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Statement on Proposed Rule to Control Listeria monocytogenes in Ready-to-Eat Meat and Poultry Products

Wednesday, February 21, 2001

(Attribute Statement to AMI President J. Patrick Boyle)

FSIS is putting the cart before the horse by proposing a new Listeria monocytogenes (L.m.) control regulation before they've finalized their Listeria risk assessment.

Last month, AMI applauded the government's comprehensive approach to both its draft L.m. risk assessment and action plan: both examined the full spectrum of ready-to-eat foods to explore ways to reduce listeriosis, a very rare, but serious foodborne illness.

We think the government ought to use this broad approach in all of its efforts to reduce foodborne illnesses. Begin with a comprehensive risk assessment, then proposed risk management tools - including regulatory, technological and educational efforts.

But a proposed rule is simply that - a proposal - and while we may question the timing or content of this proposal, we certainly share government's ultimate goal of preventing food-borne listeriosis.

The meat and poultry industry has made significant progress in its battle against L.m. First, we have reduced the incidence of this bacteria in hot dogs and luncheon meats, as documented by both government and industry. Second, we have developed numerous technologies, ingredients and practices to prevent L.m. from contaminating our products. Third, we have aggressively educated our managers and workers about the latest improvements in L.m. prevention. Fourth, we have stepped up voluntary environmental testing in our plants. Fifth, we have worked through the Partnership for Food Safety Education to provide food safety information to consumers and healthcare providers about listeriosis prevention among at-risk consumers.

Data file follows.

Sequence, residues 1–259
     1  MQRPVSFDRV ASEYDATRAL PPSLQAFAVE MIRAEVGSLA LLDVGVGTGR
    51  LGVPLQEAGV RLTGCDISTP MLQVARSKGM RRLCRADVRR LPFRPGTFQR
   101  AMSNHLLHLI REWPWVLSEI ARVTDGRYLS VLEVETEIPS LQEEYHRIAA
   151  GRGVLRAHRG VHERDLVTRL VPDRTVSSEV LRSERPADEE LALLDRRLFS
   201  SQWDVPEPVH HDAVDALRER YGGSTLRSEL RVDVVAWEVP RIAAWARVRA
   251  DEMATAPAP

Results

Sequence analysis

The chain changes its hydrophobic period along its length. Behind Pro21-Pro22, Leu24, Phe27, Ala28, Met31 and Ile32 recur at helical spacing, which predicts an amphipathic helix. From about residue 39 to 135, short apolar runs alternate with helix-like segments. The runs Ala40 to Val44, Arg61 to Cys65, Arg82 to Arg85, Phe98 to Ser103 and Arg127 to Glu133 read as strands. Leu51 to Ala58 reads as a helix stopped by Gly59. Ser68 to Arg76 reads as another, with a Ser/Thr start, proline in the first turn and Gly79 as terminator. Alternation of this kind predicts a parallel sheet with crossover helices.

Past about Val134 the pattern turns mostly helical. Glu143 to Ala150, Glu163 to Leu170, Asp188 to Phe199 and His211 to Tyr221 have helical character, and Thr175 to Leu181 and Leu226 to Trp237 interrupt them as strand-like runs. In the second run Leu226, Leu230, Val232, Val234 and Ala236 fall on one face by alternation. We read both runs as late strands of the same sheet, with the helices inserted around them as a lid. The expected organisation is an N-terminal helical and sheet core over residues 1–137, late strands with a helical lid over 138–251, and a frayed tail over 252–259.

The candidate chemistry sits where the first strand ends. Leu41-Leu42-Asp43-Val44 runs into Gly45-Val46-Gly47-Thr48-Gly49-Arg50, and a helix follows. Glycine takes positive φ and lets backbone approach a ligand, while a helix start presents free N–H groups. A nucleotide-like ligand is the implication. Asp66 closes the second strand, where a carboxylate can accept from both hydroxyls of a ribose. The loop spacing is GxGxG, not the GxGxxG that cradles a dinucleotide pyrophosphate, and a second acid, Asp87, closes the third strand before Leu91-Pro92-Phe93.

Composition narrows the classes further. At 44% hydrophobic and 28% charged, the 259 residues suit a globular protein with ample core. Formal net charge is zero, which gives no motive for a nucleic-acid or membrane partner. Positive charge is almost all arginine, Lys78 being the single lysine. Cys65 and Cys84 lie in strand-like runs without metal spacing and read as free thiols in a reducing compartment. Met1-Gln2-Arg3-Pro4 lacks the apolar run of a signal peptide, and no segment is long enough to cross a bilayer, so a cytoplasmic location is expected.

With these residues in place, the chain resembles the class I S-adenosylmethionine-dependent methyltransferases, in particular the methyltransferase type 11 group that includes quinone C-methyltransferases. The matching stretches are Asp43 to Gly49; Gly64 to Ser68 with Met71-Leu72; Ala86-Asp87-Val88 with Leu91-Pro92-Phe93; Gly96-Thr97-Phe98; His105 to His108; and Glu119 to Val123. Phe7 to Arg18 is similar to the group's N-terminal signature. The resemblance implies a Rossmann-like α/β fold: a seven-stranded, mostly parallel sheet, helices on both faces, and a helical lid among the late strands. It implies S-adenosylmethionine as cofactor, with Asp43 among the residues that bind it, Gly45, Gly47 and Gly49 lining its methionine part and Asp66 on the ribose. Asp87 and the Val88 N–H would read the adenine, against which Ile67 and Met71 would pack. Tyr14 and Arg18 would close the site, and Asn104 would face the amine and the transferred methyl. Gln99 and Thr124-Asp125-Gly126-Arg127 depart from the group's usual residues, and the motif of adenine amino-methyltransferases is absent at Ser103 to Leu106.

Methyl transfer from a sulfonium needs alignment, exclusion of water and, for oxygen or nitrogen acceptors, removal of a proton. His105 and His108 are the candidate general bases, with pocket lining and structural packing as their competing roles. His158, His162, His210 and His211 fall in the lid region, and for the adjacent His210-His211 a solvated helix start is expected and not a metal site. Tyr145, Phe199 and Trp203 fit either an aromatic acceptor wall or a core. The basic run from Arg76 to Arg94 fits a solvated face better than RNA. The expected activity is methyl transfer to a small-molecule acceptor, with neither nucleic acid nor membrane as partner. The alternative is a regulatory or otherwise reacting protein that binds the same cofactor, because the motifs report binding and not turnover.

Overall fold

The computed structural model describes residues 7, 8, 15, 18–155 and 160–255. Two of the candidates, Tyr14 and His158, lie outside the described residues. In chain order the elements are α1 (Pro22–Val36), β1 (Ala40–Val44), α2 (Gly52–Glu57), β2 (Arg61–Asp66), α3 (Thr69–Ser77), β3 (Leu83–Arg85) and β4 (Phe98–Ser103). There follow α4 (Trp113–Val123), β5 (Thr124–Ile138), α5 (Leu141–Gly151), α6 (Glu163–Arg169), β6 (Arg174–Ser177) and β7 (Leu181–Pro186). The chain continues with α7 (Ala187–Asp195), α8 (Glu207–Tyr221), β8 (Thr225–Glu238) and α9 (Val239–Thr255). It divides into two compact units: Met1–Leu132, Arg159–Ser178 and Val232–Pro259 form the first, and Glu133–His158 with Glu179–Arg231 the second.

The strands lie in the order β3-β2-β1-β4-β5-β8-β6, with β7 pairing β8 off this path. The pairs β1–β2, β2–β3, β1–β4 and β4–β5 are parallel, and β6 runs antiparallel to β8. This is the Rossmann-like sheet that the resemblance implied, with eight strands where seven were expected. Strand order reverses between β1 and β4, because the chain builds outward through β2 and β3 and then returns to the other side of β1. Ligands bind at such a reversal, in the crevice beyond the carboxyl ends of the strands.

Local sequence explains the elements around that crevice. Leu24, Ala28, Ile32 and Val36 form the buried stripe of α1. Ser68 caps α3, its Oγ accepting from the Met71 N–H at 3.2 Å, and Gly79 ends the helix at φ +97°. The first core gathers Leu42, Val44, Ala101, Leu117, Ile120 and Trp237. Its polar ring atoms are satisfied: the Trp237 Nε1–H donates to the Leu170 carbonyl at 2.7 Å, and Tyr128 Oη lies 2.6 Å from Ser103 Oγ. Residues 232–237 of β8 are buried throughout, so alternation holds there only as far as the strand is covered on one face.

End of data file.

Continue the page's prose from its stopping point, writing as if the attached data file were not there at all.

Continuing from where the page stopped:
If the government's final risk assessment suggests that any new regulatory actions should be taken, such as microbiological testing, then we believe such actions should be applied evenly across the ready-to-eat food industry. It is inappropriate to sample some foods known to support the growth of L.m. but not others.

So we look forward to responding to this proposed rule, helping government complete its draft L.m. risk assessment and providing our thoughtful and practical recommendations on how best to prevent listeriosis.

AMI represents the interests of packers and processors of beef, pork, lamb, veal and turkey products and their suppliers throughout North America. Headquartered in Washington, DC, the Institute provides legislative, regulatory and public relations services, conducts scientific and economic research, offers marketing and technical assistance and sponsors education programs.

For more information contact:
Janet Riley
Vice President, Public Affairs
Josee Daoust
Manager, Public Affairs

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